Short Story: The House

There was once a house. It was just a house. It had nothing in it. It sat there waiting for owners. Knowing each day that passed it would fall slowly apart. Each creek turning into a crack. Each windswept night erasing its glorious color. The house held in itself the memories of those that passed. The house held the joy of life, the somberness of death. It turned with each season, decorated, repainted, restored, dilapidated. It went on. It held within its walls the secrets of those that lived. It held them in the cold, it protected them from the heat. It went on without knowing if it was alive, or if it was just hearing things.

The house could not feel its arms. It did not have any. It could not feel its heart, for it did not beat. Still, it was alive. Its heart was the fireplace that burned on cold nights sweeping up ashes into the chimney, sprinkling them into the air so that soft smells of wood spread to nearby homes as if sharing the soul of this house with others. Its eyes were the windows upon which the world was shown to those inside. They stood looking out, seeing the world beyond, watching the trees grow, the squirrels running up and down the acorn tree. The watched first walks, and last ones. They held the people within with light, and with darkness, and prevented the rain from pouring in. Its arms were the walls that stretched out on all sides holding and hugging those within. The walls upon which art was drawn, that paint was pushed on, that wallpaper was stuck on, and they were there for every hand up, for every soft touch as a hand wistfully touched the house as if to acknowledge it was there.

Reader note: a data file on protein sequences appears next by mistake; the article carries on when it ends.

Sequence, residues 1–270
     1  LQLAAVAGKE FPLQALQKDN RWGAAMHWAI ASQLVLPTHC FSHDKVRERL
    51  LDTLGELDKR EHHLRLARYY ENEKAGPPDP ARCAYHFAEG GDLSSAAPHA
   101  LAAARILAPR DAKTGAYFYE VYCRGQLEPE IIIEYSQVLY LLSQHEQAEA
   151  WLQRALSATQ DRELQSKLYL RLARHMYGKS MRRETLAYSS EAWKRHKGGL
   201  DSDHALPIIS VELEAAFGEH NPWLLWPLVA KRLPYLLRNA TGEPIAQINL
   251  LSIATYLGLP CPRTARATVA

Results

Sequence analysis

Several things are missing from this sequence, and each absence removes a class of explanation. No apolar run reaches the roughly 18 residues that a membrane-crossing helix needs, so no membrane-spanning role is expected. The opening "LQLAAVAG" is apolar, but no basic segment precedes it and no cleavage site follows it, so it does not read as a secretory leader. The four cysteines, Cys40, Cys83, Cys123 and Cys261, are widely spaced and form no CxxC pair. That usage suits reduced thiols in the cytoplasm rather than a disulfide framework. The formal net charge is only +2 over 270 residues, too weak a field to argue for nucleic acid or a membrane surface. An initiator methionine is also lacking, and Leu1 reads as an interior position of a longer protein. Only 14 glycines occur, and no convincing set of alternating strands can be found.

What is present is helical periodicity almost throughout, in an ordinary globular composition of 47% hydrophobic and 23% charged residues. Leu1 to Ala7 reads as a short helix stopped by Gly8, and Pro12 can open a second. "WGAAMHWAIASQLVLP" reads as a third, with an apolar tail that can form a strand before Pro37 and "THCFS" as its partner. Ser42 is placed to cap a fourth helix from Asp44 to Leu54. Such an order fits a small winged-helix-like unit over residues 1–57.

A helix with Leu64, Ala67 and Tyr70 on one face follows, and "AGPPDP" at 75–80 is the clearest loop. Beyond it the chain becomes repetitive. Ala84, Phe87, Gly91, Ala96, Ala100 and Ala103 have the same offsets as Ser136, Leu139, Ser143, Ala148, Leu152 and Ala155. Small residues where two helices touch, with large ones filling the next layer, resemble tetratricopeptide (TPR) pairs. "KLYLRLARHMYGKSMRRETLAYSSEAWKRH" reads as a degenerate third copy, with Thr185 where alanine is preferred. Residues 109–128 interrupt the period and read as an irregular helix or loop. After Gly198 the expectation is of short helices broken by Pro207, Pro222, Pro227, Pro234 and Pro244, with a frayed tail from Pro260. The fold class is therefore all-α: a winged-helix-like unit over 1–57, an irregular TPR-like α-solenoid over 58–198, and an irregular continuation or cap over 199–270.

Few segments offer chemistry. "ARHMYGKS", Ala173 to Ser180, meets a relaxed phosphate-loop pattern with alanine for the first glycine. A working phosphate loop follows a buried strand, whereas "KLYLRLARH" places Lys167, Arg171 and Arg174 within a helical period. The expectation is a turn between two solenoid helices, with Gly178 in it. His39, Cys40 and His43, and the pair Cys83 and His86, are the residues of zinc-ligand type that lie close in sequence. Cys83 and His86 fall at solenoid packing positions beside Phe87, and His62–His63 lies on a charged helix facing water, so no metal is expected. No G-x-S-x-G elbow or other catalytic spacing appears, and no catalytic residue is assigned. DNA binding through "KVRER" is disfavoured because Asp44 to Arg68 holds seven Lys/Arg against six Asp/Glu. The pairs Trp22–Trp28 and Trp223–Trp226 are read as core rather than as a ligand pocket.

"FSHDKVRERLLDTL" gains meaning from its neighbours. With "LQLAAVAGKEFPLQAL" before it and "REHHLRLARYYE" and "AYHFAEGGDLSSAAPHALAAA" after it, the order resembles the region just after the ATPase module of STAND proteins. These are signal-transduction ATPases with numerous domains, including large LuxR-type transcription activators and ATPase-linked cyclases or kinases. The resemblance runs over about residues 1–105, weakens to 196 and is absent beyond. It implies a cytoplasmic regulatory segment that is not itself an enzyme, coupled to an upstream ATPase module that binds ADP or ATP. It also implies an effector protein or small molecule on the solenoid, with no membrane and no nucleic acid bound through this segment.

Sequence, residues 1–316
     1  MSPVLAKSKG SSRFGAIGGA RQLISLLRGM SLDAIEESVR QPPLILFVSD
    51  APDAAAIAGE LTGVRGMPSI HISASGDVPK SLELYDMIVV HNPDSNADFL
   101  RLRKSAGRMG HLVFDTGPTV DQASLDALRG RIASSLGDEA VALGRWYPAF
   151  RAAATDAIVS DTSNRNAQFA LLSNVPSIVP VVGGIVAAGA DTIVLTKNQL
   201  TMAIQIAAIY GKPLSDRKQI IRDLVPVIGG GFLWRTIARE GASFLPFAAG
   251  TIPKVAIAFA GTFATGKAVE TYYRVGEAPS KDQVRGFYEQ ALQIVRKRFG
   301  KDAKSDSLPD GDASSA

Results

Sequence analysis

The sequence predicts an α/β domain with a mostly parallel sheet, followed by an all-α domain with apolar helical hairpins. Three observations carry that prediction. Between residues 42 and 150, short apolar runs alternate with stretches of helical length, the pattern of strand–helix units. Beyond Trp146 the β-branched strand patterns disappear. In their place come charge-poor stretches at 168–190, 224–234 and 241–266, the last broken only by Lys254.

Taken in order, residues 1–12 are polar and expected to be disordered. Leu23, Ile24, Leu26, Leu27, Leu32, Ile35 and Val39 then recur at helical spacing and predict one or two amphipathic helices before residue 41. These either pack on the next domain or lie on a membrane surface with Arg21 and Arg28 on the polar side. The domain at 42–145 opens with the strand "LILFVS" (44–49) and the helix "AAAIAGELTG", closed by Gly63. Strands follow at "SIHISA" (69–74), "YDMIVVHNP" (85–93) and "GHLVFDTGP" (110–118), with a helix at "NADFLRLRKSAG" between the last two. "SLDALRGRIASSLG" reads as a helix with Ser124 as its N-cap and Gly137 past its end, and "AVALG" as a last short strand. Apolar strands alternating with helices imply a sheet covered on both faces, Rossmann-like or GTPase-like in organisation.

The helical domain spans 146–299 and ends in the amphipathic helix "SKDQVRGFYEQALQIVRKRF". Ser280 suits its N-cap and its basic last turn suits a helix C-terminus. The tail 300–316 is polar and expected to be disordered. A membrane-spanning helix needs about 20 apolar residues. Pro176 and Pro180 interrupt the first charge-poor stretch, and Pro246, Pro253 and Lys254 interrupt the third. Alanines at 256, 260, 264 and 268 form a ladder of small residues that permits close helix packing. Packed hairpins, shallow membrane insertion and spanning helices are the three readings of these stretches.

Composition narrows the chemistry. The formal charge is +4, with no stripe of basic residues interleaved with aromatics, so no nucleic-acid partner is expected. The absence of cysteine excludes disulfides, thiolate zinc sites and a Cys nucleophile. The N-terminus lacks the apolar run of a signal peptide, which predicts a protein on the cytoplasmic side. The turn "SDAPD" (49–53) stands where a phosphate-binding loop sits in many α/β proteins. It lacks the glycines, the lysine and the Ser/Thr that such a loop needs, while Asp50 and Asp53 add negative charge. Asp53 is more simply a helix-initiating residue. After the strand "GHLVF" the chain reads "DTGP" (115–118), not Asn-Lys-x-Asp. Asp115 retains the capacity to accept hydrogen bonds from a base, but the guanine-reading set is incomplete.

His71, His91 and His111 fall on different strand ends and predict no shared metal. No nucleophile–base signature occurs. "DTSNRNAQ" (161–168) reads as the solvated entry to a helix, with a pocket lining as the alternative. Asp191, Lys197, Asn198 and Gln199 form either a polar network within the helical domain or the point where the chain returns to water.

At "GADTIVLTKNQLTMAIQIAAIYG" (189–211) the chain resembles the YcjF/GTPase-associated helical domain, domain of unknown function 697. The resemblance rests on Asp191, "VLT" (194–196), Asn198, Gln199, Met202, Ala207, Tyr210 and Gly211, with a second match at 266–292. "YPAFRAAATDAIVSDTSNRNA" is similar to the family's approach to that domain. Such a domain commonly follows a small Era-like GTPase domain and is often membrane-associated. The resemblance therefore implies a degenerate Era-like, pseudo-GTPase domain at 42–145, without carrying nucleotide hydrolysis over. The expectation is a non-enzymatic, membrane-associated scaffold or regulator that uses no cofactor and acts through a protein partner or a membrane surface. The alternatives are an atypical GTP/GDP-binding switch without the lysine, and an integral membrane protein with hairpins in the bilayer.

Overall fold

The house was there as a fixture for every moment, it sat there year after year, decade after decade, until one day when the time came for the house to be no more. It was not one thing that broke the house, nor one thing that destroyed it. It was time. Time brought it into existence, time measured it’s every moment. Now time has caught up the house. The hands of the hourglass that holds the fate over life, and death ticked closer to the grim reaper and the house knew it was time. The shutters of its eyes had fallen off, its walls began to crumble. The last people left the home in boxes of black, the door was locked, the key placed away. They came and emptied it, but the remains of the house were no longer wanted. Time clicked on by.

The house missed the laughter, the joy, the sadness. It missed the smell of muffins and the deep charcoal of burnt toast. It missed the old woman in the window knitting, it missed the young child who sat and sang in the yard. The roof fell, the ceiling buckled, the house began to fall. It felt itself crumbling until only its foundation remained. Time clicked further on. People came with machines, to remove the last lumps of the house. The house sighed with its last breath, and into the dirt, it fell. The memories shattered out like glass. All that was in that house erased to time. A new house was built over top of the old lump of dirt. Years went on, more dirt, more homes. Yet there underneath all that remained. Those above remembered it, honored it, and the house that was now a part of the earth smiled. It knew that it was part of that, eternally part of a time of memory and it felt remembered.

Larisa Hunter

President

Larisa Hunter is the President of The Three Little Sisters LLC and author of several books. She is responsible for all the marketing materials, website design and general administration duties.

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